With the decline in the US of industries with traditional union strongholds and a rise in precarious, de-skilled, or informal workplaces (food service, retail, etc), worker organizing has had to adapt to a very different terrain within which to operate and succeed. In many ways, the messenger-courier industry counts among the most precarious industries (uncertainty of employment, high turnover, low labor standards, etc). So, just as at Starbucks and Jimmy John's, our forms of struggle have had to adapt to a new reality. The old approach of mainstream, "bread and butter" unions has lost traction and can't operate in this new workplace terrain. But new, adaptive forms of "unionism" have had unprecedented success, especially IWW campaigns in the courier industry and even at large chains like Starbucks.
This leads us to re-examine what "union" really is, in essence. Our work has been to form a practice that overcomes new obstacles to workers coming together, and to disprove the myth that we can't do shit to affect the day-to-day reality of working people. This article tackles these questions, drawing on the experience of IWW organizing, and proves that just as always, we workers still have the power to change our lives and make history.
This article will appear in the summer 2011 issue of the Dispatch, the IWW courier newsletter.
WHAT IS 'UNION'?
A great many people today find themselves being helplessly sucked into an economic rut. The wreckage of the Great Recession lingers, with only band-aid improvements coming down from above. Cut-backs for the working class continue: massive lay-offs, high unemployment, cut after cut in vital public services and education, and so on. We hear in the media of the plight of Main Street's supposedly vast 'middle class'. However, the workers, low-wage earners and the poor, on whose backs Wall Street props itself, constitute the vast majority.
Recently we've heard many hollow reassurances of a gradual recovery. We're fed bogus justifications for the causes of this crisis, and the suffering it's causing for billions of people all over the world. Can we hold out for things to "rebalance" on their own, in time? Can we trust the same system that created this disaster to bail the lot of its disaffected out of it, the way it did for its parasitic financiers? Not if history has anything to show us. An honest look at the past shows us that recessions and depressions are part and parcel to this chaotic economic system. We may have seen the worst of the current crisis for now, but another crisis is sure to follow sooner or later.
But while the elite continually prioritize profits at the expense of the workers, the workers have shown a historical propensity to struggle in the interest of all. While the "solutions" of the rich and their politicians promise salvation from above (which never comes) if we just vote the right way and sit tight, the workers have their own solutions for taking on their woes directly. During the Great Depression of the 1920s and 30s, they organized neighborhood councils to prevent landlords from evicting poor or unemployed renters. They engaged in militant job actions in their workplaces to demand livable wages & conditions, and won. They even organized the unemployed to join employed workers in struggle because they understood that the gains they made would benefit everyone. And ultimately, they did. Some of the lasting gains won from these struggles in the US include Social Security, the National Labor Relations Act which protects workers who organize on the job, and many of the tenant protections we have today. Those working people understood that when they organized together and flexed their collective "muscle", they were much stronger. It's bold working people like these we have to thank for what livable conditions we have today.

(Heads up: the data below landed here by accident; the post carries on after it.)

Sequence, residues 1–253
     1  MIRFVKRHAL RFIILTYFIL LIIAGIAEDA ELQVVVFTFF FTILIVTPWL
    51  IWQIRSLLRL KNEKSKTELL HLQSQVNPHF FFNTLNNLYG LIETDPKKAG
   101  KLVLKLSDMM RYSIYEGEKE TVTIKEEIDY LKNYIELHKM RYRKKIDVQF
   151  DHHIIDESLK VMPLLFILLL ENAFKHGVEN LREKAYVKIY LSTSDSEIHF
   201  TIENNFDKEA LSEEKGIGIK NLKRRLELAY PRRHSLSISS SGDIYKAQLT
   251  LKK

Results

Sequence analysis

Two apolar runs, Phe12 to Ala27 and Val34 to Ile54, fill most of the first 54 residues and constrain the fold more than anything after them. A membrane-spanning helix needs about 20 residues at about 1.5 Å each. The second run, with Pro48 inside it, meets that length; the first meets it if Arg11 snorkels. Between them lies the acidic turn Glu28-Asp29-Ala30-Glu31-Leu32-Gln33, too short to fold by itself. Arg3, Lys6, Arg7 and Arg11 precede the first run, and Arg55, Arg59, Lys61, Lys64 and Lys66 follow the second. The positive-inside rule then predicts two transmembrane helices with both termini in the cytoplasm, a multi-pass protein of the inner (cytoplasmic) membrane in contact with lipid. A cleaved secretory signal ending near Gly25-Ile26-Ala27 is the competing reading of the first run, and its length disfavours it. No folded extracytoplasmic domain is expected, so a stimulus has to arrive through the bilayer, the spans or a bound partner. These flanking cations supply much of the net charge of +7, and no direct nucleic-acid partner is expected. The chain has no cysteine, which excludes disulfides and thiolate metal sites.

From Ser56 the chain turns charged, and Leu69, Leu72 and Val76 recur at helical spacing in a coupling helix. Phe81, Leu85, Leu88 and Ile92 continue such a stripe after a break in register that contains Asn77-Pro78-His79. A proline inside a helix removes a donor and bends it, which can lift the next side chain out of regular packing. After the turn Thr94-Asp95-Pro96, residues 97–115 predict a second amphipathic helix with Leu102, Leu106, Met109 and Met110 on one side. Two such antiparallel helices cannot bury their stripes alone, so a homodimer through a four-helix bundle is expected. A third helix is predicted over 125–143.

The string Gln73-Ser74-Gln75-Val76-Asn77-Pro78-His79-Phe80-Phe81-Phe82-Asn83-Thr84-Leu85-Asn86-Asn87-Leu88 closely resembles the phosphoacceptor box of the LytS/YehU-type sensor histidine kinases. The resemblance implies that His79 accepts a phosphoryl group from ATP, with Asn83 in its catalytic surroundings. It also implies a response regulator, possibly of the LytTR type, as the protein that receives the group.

Historically, unions have been an important muscle for the People to fight injustice and secure a life of dignity. So why are unions so maligned to so many working people today? What is the legacy of unions, and what is their importance for us now? What is a "union" really, and what should a union be?
Unions - a People's Muscle
Unions have been under attack from their adversaries since day one. They've been suppressed by violence, repressed by the law, and slandered and distorted in the mainstream media. Most of the news and information we get from newspapers and TV, especially about unions, is filtered by the same interests who fight the unions. This clearly shapes our ideas about unions, world affairs, and so on. The employing class has waged this intense war on unions because unions threaten their monopoly on resources and power. Control of information is key to maintaining that monopoly.
But while it's true that distortions and outright fabrications have damaged the image of unions in the public mind, sometimes unions make it easy for their critics to discredit them. One could point to numerous examples of unions or union leaders being corrupt, passive, disconnected from their membership, sell-outs, even racist. And when approached about joining a union, many workers see the mainstream, bureaucratic, top-down unions as just another boss when the one they already have is bad enough. The way many unions relate to their membership (or don't, for that matter) leads one to believe that they'd be better off without a union at all.
But are they "unions" when they become slow-moving service agents, taking premium payment in your dues? Are they unions when you never see union officers, nothing changes at the workplace, and you're left without a voice still? As unions leave the workplace and become just another service on the market, so many union workers find they have a "union" only in name. More and more, unions take on a "collaborationist" approach that capitulates to bosses rather than empower workers. Union "professionals" negotiate away workers' power in exchange for modest gains. Some unions have always looked out for a tiny minority of better-paid workers in such a way that pits them against other workers on the same job! And the law that workers expect to protect them - with or without a union - instead ensure little more than a headache and a heightened feeling of powerlessness. What are these unions doing around other issues affecting working people, like racism, environmental devastation, unjust wars? For many of them, little if anything.